Leaves and Water

Posted September 28th, 2017

To Rake or Not To Rake

by Gene Franks

October’s leaves were dancing ’round

like angels dressed in robes of Red and Gold

but November’s come and gone now

and they’re lying in the gutter out along the road

They’re gonna make their way out to the ditch or someday to the sea,

they’ll get to where they’re going without the help of you or me

and if each life is just a grain of sand

I’m telling you man, this grain of sand is mine.

Iris DeMent, “The Way I Should.”


Serious water issues from cyanobacterial blooms to dead spots in the ocean are regularly blamed on excessive nutrients, specifically nitrogen and phosphorous, that humans put into the water. These result mainly from fertilizers, animal manure (both from feedlots and companion animals), and overflows from sewage treatment plants.

But now comes a report by the U.S. Geological Survey telling us that failure to remove leaves from areas where they can be swept into stormwater collection systems can spike stormwater with phosphorus and nitrogen and greatly compromise water quality.  In fact, leaf removal studies performed in Madison, WI, seemed to show that, at least during the time of year when leaves are most abundant,  “. . .timely leaf removal reduced total phosphorous loads by 84 percent and nitrogen loads by 74 percent.” The conclusion was that phosphorous in wastewater could be greatly reduced if the city would collect leaves and clean streets weekly and before “rain events” between early September and mid-November.

Clearly, the Madison experiment is about big-time leaf harvesting by city crews, not about requiring individual tree owners to clean up after their trees the way that pet owners are now supposed to pick up after their dogs.  At least, as a confirmed non-raker, that’s what I hope it means.

The issue seems to be that, as one writer puts it, “. . .when water managers have run out of other levers to pull, [leaf removal] is an effort that should be prioritized.” I would put it more bluntly: Since we can’t get profit-driven corporate farmers to adopt saner and more earth-friendly growing methods, and we can’t expect people to cut back on the meat and dairy diet that is burying us in animal feces, and we can’t ask people to give up their pets, and since we certainly can’t ask people to pay a bit more for water or to agree to increase their taxes so that our ancient sewage treatment plants can be upgraded, we should concentrate our efforts on picking up leaves.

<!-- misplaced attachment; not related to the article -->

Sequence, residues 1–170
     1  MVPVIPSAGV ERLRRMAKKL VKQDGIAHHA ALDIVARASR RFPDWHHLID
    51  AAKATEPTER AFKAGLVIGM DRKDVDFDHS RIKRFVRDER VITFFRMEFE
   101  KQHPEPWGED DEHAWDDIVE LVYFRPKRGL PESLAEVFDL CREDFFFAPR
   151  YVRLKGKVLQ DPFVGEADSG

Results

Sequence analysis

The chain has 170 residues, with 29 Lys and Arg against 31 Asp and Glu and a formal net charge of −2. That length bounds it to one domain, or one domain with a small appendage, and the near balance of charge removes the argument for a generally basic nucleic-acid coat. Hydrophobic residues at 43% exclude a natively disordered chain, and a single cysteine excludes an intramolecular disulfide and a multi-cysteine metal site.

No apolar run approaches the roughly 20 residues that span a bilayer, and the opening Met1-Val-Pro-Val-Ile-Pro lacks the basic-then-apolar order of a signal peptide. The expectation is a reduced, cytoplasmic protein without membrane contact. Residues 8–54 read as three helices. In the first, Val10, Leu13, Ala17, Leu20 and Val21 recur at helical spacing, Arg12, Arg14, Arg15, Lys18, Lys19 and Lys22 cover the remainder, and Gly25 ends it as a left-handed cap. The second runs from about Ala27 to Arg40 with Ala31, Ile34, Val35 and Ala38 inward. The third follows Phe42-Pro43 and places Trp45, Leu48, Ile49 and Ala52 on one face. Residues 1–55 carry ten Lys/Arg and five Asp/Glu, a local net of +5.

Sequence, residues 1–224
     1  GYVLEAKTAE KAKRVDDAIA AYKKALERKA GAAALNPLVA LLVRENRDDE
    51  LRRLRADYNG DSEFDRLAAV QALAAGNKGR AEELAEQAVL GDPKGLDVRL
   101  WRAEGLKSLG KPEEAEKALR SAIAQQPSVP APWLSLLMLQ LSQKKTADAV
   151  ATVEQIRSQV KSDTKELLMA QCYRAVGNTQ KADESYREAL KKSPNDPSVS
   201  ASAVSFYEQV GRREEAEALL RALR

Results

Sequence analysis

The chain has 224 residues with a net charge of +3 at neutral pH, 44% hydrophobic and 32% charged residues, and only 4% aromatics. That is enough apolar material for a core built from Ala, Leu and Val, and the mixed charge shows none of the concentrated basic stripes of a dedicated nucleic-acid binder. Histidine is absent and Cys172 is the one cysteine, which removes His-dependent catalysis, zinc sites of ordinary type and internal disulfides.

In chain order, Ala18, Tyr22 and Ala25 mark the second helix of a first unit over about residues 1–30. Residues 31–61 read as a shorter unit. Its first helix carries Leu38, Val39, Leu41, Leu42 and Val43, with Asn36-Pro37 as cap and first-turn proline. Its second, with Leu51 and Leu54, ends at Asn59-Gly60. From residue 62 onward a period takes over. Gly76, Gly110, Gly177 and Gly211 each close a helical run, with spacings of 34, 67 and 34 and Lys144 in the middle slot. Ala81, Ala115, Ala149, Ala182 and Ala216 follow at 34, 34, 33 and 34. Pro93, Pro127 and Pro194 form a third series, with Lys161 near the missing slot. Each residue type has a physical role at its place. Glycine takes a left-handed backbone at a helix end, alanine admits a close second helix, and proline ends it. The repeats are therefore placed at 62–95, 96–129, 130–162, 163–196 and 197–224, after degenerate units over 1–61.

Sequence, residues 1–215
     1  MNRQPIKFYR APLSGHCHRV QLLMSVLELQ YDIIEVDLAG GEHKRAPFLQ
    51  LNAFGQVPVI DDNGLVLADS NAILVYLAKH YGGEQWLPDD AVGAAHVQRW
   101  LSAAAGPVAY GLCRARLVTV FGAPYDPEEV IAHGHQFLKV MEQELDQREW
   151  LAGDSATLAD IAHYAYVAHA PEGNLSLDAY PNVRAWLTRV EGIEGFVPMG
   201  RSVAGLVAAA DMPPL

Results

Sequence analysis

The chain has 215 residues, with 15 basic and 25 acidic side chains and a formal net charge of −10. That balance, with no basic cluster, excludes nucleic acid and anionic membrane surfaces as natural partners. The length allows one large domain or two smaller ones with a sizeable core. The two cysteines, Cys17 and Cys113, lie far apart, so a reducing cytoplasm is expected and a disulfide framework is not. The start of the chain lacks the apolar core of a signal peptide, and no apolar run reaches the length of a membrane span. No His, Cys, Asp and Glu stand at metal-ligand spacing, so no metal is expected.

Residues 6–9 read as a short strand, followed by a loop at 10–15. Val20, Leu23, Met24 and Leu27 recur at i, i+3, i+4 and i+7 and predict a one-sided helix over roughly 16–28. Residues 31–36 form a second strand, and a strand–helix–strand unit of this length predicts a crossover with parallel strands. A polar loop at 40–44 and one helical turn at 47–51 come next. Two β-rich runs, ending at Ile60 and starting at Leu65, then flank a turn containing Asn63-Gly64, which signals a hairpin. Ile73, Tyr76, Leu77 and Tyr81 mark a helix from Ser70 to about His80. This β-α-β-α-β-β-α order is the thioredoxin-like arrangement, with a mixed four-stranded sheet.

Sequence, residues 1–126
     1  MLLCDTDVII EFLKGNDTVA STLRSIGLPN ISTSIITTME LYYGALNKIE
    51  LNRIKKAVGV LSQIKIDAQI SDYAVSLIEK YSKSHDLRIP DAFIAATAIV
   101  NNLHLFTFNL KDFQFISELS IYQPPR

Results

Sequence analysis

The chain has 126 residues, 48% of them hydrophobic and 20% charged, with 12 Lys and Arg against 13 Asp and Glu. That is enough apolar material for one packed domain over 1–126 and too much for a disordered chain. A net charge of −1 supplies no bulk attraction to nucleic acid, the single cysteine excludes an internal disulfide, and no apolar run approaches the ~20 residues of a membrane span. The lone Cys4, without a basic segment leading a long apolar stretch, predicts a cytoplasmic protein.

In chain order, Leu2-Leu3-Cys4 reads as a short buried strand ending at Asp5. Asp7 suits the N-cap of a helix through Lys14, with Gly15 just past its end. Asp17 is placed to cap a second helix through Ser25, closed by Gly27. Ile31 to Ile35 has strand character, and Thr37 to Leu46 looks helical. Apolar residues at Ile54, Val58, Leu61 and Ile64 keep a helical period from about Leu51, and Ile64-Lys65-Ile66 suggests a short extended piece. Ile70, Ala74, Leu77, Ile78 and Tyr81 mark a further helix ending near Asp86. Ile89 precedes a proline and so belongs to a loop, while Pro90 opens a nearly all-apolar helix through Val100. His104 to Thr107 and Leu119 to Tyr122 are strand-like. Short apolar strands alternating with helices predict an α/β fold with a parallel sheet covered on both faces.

While we have to applaud any effort to keep water clean, leaf management seems like a pretty tricky business.  For example, if leaf collecting becomes a national nutrient reduction strategy, what are we going to do with all the leaves we collect? Landfills are already bulging. Are we going to inject them into deep wells, like fracking waste, or haul them to leaf disposal sites in the desert? Will we eventually try to genetically engineer leafless trees, or trees whose leaves are permanently attached?

Keeping the streets clean is an essential part of wastewater management. It is certainly better to sweep up contaminants before they get into the water than to remove them from the water later. But on the broader leaf issue, I’m still a non-raker. As Iris DeMent says in her great anthem to personal freedom, leaves should be left to “get to where they’re going without the help of you and me.”

So there!

Reference: The Fall of Water Quality: Blame It on the Leaves.

See also: Street Sweepers Clean More Than the Streets.